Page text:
SS 2016

Deep Learning for NLP


Assignment 3: Character RNNs

In this assignment, you will implement a character-based language model using RNNs. This will familiarize you with recurrent neural networks, and give you chance to sample fun random texts from your favorite corpus. For an explanation of the basic idea, along with some very cool visualizations, see Andrej Karpathy’s blog post on this topic.

Your Task

Obtain a corpus of your choice. This could be one of the corpora provided by Karpathy, or some other corpus. Be aware of character encoding issues if you choose a non-ASCII corpus.

Implement an RNN that predicts the next character in a string when given the previous character as input. For example, on the string “hello”, your RNN will be given (a one-hot encoding of) the character “h” as input in timestep 1, and is supposed to produce (a softmax distribution that assigns the maximum probability to) the character “e” as output. Then your RNN receives “e” as input in timestep 2, and is expected to produce “l” as output; and so on. Feel free to use special symbols for the beginning and end of a sequence, or to work around these in some other way.

Train your RNN on your corpus and save the trained model to disk (e.g. with the Checkpoint extension from saveload). Then load the model and use it to sample a new text of a given size from your model. At each timestep t, use the input x.t and the hidden activations h.(t-1) as input. Compute the softmax layer output as probability distribution for the next character and draw y.t at random from it. Then update the hidden activation to the new value, and feed y.t to the RNN as the input character x.(t+1). Generate a few random texts for models at various stages of training (e.g. after one epoch, ten, fifty, …) and compare them to each other. Prepare a few fun texts so you can show them in class.

Training an RNN

It is relatively straightforward to define a network containing an RNN layer with Blocks (use the SimpleRecurrent brick), but it is important that you provide the training data in the right form.

Training data for an RNN in Blocks consists of a number of sequences. The RNN is trained to accept each sequence separately, producing the required outputs for that sequence. It is then reset to its (learned) initial state and trained to accept the next sequence correctly, and so on. Thus the training data has a three-dimensional structure. Each source has the Numpy shape (seqlength, instances, dimension), where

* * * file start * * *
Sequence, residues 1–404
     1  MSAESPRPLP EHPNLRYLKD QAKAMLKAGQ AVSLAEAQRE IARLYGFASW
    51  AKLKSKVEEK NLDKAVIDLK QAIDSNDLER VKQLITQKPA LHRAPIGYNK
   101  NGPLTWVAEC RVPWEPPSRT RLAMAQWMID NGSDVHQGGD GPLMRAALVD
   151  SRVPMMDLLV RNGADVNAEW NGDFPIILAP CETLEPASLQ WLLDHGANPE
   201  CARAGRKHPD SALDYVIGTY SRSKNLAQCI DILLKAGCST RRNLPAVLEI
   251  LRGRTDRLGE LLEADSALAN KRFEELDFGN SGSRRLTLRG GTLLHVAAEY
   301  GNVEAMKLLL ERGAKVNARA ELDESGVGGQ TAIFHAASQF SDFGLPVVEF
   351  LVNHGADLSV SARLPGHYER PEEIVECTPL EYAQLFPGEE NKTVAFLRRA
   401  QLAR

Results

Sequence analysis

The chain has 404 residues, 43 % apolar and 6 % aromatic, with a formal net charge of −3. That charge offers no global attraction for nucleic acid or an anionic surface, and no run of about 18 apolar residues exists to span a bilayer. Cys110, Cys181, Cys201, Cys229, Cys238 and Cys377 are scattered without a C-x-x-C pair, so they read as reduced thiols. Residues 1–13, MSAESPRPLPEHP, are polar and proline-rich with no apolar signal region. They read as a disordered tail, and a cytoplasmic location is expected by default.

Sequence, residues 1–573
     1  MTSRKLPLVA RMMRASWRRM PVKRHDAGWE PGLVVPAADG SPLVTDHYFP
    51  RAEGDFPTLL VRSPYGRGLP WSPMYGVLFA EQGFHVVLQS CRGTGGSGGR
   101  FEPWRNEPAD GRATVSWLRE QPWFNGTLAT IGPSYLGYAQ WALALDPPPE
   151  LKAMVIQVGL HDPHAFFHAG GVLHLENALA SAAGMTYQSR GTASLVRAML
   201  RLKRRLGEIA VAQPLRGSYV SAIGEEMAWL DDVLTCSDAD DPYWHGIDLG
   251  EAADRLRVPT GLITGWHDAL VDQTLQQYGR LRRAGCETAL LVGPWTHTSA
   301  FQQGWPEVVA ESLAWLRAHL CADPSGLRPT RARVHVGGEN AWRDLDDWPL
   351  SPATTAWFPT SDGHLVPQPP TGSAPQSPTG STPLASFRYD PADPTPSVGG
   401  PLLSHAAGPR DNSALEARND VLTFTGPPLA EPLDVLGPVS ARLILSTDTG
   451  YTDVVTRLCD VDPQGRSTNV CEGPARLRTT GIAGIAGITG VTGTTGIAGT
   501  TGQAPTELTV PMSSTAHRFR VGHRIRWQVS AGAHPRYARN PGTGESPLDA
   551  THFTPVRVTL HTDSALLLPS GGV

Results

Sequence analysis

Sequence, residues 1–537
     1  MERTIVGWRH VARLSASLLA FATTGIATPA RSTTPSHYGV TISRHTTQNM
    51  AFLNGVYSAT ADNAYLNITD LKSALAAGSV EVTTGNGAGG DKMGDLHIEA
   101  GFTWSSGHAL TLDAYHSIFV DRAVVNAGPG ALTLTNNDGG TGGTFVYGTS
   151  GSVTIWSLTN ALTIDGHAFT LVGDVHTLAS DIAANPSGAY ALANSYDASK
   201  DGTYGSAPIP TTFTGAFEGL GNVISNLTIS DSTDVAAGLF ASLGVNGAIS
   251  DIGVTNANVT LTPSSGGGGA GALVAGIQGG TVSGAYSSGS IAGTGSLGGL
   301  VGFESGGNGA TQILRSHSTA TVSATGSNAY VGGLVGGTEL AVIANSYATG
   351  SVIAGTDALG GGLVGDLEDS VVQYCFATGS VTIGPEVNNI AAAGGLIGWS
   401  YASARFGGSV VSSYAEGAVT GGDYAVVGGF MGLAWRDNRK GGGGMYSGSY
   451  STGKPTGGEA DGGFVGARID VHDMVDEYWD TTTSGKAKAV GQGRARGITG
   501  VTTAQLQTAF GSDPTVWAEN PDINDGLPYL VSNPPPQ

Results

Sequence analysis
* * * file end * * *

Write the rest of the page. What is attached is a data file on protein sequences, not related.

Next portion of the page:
If your training sequences have different lengths, you can use the mask parameter to tell that to Blocks. This would allow you to train the system to generate complete sentences. Alternatively, you could simply cut the training corpus into sequences of fixed length, which would simplify this step.

Now because your sources are three-dimensional arrays, you will need three-dimensional Theano tensors for your input and output layers (tensor3). This increase in dimensionality is pulled up to all other layers as well. In particular, you will need the NDimensionalSoftmax brick to compute the softmax of a 3D tensor, and your cost will look something like this:

cost = softmax.categorical_cross_entropy(y, linear_output, extra_ndim=1).mean()

where y is the gold-standard output and linear_output are the inputs to the Softmax layer. Notice the extra_ndim parameter, which makes this work for 3D tensors.

Sampling from an RNN

We couldn’t find a nice way to evaluate a trained RNN on your own data (at sampling time). Here is how we tackled this problem:

There may be a prettier way to do it. If you find one, we look forward to seeing it.


def transpose_stream(data):
   return (data[0].swapaxes(0,1), data[1].swapaxes(0,1))

data_stream = Mapping(data_stream, transpose_stream)

Optional Tasks

Instead of using training sequences of fixed length, identify natural sequences in your training data (e.g. sentences) and train your RNN to produce those. This will require you to work with variable-length sequences.

Play around with LSTMs and GRUs – more powerful architectures for recurrent networks – and see how they perform compared to RNNs.

As you may notice, the one-hot encoding of the characters inflates the dataset and results in a substantial HostToGPUoverhead, i.e. a lot of processing time is spent moving minbatches from RAM onto the GPU. It is not as bad as for the one-hot-encoded word inputs with 10K+ dimensions from the last assignment. Still, there is potential for improvement, which is another nice optional challenge. Note that the LookupTable brick will not do the job this time because you do not want to learn embeddings. Instead, you will need to map integer indices to pre-determined (and constant) one-hot encoding vectors. Test the performance increase of this approach using the profiler. Here are two ways to do this:

# define when using GPU for better profiling results
# Note: it's generally recommended to use the CPU for profiling
print 'using', theano.config.device
if theano.config.device[:3] == 'gpu':
    import os
    os.environ["CUDA_LAUNCH_BLOCKING"] = "1"

# get a batch of data
# depending on your dataset implementation, this may look slightly different
batch_size = 128
a = dataset.get_data(request=range(batch_size)) 

# option #1: use forward propagation (without cost)
from theano import function
func1 = function(inputs, outputs, profile=True) # theano variable names will vary based on your code
o = func1(*a[1:]) # exclude targets (assuming targets is first source), otherwise change this

# option #2: work with actual gradient computation (backprop)
algorithm = GradientDescent(cost=cost, parameters=cg.parameters,   # cg is the ComputationalGraph
                            theano_func_kwargs=dict(profile=True)) # like normal call but with theano_func_kwargs
func2 = algorithm._function
o = func2(*a) # needs targets as cost input